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Persistent asthma linked to increased heart disease risk – US study

A recent study found that people with persistent asthma had higher levels of inflammation and more artery plaque than those without asthma, suggesting they ran a higher risk of heart attack or stroke, and highlighting the need for managing heart disease risk factors in these individuals.

Asthma affects an estimated 262m people worldwide, with previous research linking it to atherosclerosis – the build-up of plaque, or fatty deposits, on artery walls. Still, the associations between asthma and heart disease are unclear.

Yet a 2020 study found that people with persistent asthma may have up to 1.5 times higher risk of developing atrial fibrillation (AFib) than those without the respiratory condition, reports Medical News Today.

The latest study found that participants with persistent asthma have a greater likelihood of plaque buildup in their carotid arteries than those without asthma, even after the scientists adjusted for demographic and lifestyle factors. Moreover, those with persistent asthma also had higher levels of inflammatory markers in their blood.

The study was published in the Journal of the American Heart Association.

Linking asthma and atherosclerosis

To investigate their hypothesis, the scientists collected data from participants in the Multi-Ethnic Study of Atherosclerosis (MESA) study. The MESA study includes a large, ethnically diverse cohort of 6 814 adults who did not have cardiovascular disease at the time of enrolment.

The research team examined the data from 5 029 adults in the MESA who had cardiovascular disease risk factors and carotid ultrasound data in their records.

At the start of the MESA study, participants also had blood levels of interleukin-6 (IL-6) and C-reactive protein (CRP) measurements taken. IL-6 and CRP are inflammatory markers in the blood.

The scientists divided the participants into either persistent asthma, intermittent asthma, or no asthma groups: they defined persistent asthma as asthma requiring daily use of controlling medications. Participants in the intermittent group had a history of asthma but did not use controlling medications daily.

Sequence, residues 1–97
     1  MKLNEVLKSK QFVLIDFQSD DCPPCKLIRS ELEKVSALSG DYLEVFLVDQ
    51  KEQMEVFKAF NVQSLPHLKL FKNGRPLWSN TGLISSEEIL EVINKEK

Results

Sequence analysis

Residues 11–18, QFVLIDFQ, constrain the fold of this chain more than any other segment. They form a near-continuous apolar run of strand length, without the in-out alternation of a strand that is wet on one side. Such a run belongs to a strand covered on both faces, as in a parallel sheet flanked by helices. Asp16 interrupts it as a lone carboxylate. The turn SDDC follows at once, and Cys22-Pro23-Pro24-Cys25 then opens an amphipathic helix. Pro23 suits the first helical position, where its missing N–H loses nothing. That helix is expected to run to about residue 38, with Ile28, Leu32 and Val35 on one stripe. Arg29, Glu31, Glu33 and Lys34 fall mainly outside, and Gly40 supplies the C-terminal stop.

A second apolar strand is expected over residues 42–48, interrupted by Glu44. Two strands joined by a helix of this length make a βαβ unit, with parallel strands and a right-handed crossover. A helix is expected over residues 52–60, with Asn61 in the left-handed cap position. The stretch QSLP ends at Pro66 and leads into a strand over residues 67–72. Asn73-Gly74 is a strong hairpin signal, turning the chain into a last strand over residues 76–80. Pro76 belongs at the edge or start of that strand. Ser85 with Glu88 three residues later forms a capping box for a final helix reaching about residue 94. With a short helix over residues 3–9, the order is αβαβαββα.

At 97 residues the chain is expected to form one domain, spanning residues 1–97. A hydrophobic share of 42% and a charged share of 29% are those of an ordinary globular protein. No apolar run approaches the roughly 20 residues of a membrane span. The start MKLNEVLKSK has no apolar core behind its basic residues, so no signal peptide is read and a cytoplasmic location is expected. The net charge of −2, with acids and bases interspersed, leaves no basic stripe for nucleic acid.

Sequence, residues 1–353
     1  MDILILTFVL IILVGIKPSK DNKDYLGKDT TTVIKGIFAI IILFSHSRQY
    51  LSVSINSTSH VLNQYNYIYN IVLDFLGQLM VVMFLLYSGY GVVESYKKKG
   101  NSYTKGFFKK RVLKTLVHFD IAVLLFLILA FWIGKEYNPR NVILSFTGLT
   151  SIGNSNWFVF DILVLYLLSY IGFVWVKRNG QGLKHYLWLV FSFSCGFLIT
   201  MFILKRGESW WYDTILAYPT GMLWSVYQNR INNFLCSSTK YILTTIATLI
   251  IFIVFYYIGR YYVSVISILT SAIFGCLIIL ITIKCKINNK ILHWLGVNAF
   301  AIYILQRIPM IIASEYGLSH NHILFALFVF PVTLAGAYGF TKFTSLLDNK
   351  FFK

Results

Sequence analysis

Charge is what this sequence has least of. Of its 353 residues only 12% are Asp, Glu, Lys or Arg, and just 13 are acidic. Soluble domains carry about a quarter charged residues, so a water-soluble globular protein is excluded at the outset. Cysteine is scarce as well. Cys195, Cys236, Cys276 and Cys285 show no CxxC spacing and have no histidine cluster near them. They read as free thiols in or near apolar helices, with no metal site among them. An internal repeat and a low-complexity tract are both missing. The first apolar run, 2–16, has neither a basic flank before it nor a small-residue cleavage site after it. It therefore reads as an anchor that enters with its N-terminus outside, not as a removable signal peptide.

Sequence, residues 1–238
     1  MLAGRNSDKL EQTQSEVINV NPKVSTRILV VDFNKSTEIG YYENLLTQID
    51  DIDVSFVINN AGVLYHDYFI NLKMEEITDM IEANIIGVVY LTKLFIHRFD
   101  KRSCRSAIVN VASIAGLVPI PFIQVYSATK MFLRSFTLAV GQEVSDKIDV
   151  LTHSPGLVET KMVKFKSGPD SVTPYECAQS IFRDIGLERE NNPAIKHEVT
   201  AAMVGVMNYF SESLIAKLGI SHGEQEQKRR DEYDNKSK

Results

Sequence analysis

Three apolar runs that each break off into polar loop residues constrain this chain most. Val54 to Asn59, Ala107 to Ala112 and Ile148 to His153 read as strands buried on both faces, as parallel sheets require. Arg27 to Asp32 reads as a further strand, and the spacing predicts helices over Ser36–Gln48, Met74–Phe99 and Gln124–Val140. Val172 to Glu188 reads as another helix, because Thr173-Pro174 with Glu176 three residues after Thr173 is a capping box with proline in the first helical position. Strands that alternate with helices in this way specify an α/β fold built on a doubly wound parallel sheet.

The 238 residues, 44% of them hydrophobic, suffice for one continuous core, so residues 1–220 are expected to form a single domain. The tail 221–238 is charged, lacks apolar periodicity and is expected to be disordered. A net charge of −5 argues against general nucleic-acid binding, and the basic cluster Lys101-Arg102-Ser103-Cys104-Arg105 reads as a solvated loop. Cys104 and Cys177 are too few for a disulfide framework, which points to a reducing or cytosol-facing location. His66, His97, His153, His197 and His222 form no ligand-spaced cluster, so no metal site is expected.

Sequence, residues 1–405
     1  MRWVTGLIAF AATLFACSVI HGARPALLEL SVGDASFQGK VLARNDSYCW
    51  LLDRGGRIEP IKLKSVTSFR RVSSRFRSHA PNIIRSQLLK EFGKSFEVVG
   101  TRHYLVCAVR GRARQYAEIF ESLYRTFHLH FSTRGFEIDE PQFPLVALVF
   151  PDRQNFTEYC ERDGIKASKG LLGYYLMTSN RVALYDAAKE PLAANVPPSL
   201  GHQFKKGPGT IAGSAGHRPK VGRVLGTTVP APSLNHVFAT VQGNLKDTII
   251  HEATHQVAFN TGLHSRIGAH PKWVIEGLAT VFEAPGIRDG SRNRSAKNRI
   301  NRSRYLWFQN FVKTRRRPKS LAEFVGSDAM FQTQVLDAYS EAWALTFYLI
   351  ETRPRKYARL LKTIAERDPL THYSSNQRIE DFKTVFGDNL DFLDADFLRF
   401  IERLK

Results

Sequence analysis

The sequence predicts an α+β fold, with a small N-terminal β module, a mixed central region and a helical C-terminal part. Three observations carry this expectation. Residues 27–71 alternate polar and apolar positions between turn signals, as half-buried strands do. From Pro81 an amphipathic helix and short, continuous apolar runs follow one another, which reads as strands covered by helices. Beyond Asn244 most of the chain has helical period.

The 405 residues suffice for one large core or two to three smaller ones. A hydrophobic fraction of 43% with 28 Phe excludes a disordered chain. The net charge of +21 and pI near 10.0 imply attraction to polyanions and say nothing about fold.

Among the participants, 109 had persistent asthma, 388 had intermittent asthma, and the remaining 4 532 did not have the condition.

Carotid plaques and inflammatory markers

After analysing the data, the researchers discovered several key findings. Specifically, 67% of participants with persistent asthma had an average of two plaques in their carotid arteries. In contrast, 49.5% of people with intermittent asthma and 50.5% without asthma had about one carotid plaque.

After the scientists adjusted the data for factors including prescription medication use, age, race, sex, other health conditions, and smoking, they found that individuals with persistent asthma had a significantly higher risk of having plaque in their carotid arteries than those who did not have asthma.

Additionally, inflammatory markers in the blood were slightly higher in participants with persistent asthma.

For example, IL-6 measurements in the persistent asthma group averaged 1.89 pg/mL. In contrast, those who did not have asthma had average IL-6 measurements of 1.52 pg/mL.

Moreover, CRP measurements averaged 6.49 mg/L in the persistent asthma group and 3.61 mg/L in participants without asthma.

However, accounting for the inflammatory biomarkers did not lessen the association between persistent asthma and carotid artery plaque.

More research on asthma and atherosclerosis still needed

Lead study author Matthew Tattersall, DO, MS, an assistant professor in the department of medicine at the University of Wisconsin, Madison, said: “This analysis tells us that the increased risk for carotid plaques among people with persistent asthma is probably affected by multiple factors. Participants who have persistent asthma had elevated levels of inflammation in their blood, even though their asthma was treated with medication, which highlights the inflammatory features of asthma. We know that higher levels of inflammation lead to negative effects on the cardiovascular system.”